Debunking Endophytes

Table of Contents

  1. Debunking Endophytes
  2. What is an Endophyte?
  3. Endophytes and Insect Tolerance
  4. Endophytes and Stress Tolerance
  5. How are Endophytes Passed on From Generation to Generation?
  6. Effect of Seed Storage on Endophytes
  7. What Role Can Endophytic Turfgrasses Play in Turf Management?
  8. Related Links

Debunking Endophytes

The word endophyte keeps cropping up in magazine articles, talks and in seed advertisements. Associated with it are all sorts of claims of insect resistance, stress tolerance, etc. This article will attempt to give you the facts as well as point out some precautions when buying seed containing endophyte.

What is an Endophyte?

An endophyte is a fungus which grows inside a plant. The endophytes that we are most concerned with are the ones growing inside a turfgrass plant. These endophytes, unlike disease causing fungi, do not cause any harm to the turfgrass plant. Currently, endophytes have been found in tall fescue, perennial ryegrass, hard fescue, chewing fescue and creeping red fescue. There are no known endophytes occurring in Kentucky bluegrass or creeping bent grass. Endophytes are found in all parts of the plant except the roots with the highest concentration found in the leaf sheath.

Endophytes and Insect Tolerance

The discovery that high endophyte grasses were resistant to insect feeding was accidental. A study in New Zealand was looking at the effect of endophytes on sheep grazing. After this study it was discovered that when the tall fescue was growing in after grazing that the endophyte free tall fescue was being attacked by a grass pest called the Argentine Stem Weevil but the high endophyte plot was not attacked.

Since this chance discovery many research reports on turfgrass species containing endophytes have shown that they enhance resistance to surface feeding insects including sod webworm, bill bugs and chinch bugs. The endophyte either produces a poison or makes the plant produce a chemical which repels insects that feed on turf. Studies have shown that the amount of insect resistance is directly proportional to the percentage of endophyte living within the turfgrass plant (Figure 1).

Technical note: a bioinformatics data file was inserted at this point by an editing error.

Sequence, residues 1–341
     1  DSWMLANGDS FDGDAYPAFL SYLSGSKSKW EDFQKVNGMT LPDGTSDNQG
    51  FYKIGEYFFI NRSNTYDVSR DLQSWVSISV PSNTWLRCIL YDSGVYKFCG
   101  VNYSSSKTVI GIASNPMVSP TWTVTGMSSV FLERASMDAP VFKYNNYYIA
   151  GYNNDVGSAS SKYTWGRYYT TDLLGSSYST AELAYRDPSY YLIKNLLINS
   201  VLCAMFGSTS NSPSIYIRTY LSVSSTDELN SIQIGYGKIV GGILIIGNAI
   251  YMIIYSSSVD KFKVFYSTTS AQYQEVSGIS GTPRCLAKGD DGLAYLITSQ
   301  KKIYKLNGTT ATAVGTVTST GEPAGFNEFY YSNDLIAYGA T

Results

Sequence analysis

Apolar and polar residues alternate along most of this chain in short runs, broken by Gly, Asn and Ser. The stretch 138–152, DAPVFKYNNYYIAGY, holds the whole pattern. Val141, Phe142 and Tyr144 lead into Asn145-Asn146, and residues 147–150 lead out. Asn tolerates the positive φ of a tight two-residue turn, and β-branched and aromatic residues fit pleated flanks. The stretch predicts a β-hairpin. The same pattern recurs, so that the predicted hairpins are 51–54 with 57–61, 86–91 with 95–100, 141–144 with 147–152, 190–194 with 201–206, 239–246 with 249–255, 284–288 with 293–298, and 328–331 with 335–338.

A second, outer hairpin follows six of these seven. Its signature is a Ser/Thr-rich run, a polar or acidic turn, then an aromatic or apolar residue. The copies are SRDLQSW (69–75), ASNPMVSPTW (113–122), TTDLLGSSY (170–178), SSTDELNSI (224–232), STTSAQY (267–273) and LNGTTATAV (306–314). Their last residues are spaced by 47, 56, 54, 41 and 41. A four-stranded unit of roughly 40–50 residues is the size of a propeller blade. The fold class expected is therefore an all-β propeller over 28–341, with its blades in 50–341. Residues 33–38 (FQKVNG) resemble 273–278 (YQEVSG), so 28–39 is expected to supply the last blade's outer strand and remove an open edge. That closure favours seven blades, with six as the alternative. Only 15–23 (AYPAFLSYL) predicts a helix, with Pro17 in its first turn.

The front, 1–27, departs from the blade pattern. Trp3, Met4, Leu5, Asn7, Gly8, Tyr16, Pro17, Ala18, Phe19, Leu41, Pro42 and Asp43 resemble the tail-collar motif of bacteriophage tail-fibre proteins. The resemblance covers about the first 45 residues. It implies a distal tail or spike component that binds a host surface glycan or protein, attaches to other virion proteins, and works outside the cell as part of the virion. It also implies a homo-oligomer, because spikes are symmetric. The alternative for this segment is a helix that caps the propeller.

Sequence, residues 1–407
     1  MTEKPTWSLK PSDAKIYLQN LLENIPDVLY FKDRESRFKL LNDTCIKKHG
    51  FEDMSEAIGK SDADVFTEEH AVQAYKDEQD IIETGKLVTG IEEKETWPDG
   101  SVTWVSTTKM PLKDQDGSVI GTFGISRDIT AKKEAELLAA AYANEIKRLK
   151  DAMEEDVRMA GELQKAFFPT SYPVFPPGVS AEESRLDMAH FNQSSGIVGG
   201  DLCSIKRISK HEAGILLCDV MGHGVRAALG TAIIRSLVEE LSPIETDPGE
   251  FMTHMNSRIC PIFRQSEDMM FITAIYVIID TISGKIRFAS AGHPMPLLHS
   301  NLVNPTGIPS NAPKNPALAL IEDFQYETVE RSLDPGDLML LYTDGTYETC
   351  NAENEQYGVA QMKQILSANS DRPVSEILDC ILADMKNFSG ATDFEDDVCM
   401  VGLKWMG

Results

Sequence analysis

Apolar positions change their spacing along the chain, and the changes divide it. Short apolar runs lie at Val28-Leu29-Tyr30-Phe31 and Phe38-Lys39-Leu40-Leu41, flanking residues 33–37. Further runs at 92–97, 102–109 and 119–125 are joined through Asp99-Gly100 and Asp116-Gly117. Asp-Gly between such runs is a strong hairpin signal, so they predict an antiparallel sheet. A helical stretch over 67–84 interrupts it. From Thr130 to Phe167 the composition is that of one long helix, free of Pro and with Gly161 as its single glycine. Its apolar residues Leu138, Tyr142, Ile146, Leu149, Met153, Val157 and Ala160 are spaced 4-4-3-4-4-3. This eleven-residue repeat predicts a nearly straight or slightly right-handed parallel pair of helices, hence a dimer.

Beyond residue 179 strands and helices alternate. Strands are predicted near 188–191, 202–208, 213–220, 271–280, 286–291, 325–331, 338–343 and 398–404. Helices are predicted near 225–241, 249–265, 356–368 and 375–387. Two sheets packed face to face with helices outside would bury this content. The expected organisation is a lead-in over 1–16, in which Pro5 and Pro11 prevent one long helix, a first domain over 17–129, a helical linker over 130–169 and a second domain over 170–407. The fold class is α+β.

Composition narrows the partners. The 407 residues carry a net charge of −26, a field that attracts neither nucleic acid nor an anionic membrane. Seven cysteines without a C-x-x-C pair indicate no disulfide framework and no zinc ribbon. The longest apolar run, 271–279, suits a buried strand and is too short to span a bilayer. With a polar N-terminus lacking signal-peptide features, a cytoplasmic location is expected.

Figure 1: The plot on the left is a non-endophyte enhanced cultivar showing insect feeding damage.
Figure 1: The plot on the left is a non-endophyte enhanced cultivar showing insect feeding damage. The plot on the right is endophyte enhanced and resistant to insect feeding.

Endophytes and Stress Tolerance

Endophyte enhanced turfgrasses have shown increased stress tolerance. This has been expressed by reduced weed invasion, better summer survival and fall recovery after a drought. The reasons for the enhanced stress tolerance are not well understood.

How Are Endophytes Passed on From Generation to Generation?

A turfgrass plant containing endophytes will have endophytes in the leaves and sheath. When that plant goes to seed the endophytes will grow into the seed also. As long as those seeds containing the endophytes are properly stored those endophytes will remain in the seed. When that seed germinates and grows into a turfgrass plant the resulting plant will also contain the endophyte.

Effect of Seed Storage on Endophytes

The endophytic fungus which is present in turfgrass seed at the time of harvest can lose its viability very quickly if it is not stored under proper conditions. The storage conditions necessary to maintain endophyte viability in the seed are cool dry conditions. According to some studies conducted with tall fescue at a temperature of 5°C seed containing 100% endophytic fungi can be stored up to 15 months without losing the viability of the endophytes. On the other hand endophytic seed stored at 21°C will lose 40% of its endophytes in 7 months and all of its endophytes in 11 months.

What Role Can Endophytic Turfgrasses Play in Turf Management?

Due to the inherent insect resistance of endophytic grasses they are a useful tool in an integrated pest management (IPM) approach to turf management. Seeding with perennial ryegrass, tall fescue, hard fescue, chewing and creeping red fescue containing endophytes whenever possible, will reduce reliance on pesticides for control of above ground feeding insects. Added to this is the enhanced stress tolerance making your job as a turf manager easier. A list of turf cultivars which contain endophytes can be found in OMAFRA Publication 384, Turfgrass Management Recommendations or see Table 1. As well, information with regard to species and cultivars which contain endophytes can be obtained from your seed supplier.

Table 1. Ontario Turfgrass Varieties Containing Endophytes
Species Cultivars
Creeping Red Fescues Herald
Jasper E
SR 5200 E
Chewings Fescue Bridgeport
Jamestown II
Koket
SR 5000
SR 5100
Treazure
Southport
Victory E
Hard Fescues Nordic
Reliant
SR 3000
SR 3100
Sheep Fescues SR 3200
Turf -Type Perennial Ryegrass Accolade
Achiever
Affinity
APM
Birdie II
Buccaneer
Citation II
Competitor
Cutter
Dandy
Dasher II
Delaware Dwarf
Dimension
Divine
Edge
Elf
Elf Dwarf
Envy
Express
Fiesta II
Gettysberg
Jazz
Manhattan II
Omega II
Palmer
Panther
Pinnacle
Prelude
Premier
Prizm
Repell II
Saturn II
Seville
Sovereign
SR 4000
SR 4010
SR 4100
SR 4200
SR 4300
SR 4400
Stallion
Stallion Select
Yorktown III
Wizard
Tall Fescue Adobe
Apache
Aquara
Arid
Aztec
Bonanza
Bonsai
Chieftan
Coyote
Empress
Finelawn I
Gazelle
Jaguar III
Mirage
Mustang II
Pixie
Rebel 3D
Rebel II
Rebel Jr.
SR 8200
SR 8210
SR 8300
Tribute
Titan
Twilight
Vegas
Winchester

Related Links


For more information:
Toll Free: 1-877-424-1300
E-mail: ag.info.omafra@ontario.ca
Author: Pam Charbonneau -Turfgrass Specialist/OMAFRA
Creation Date: 1997
Last Reviewed: February 2006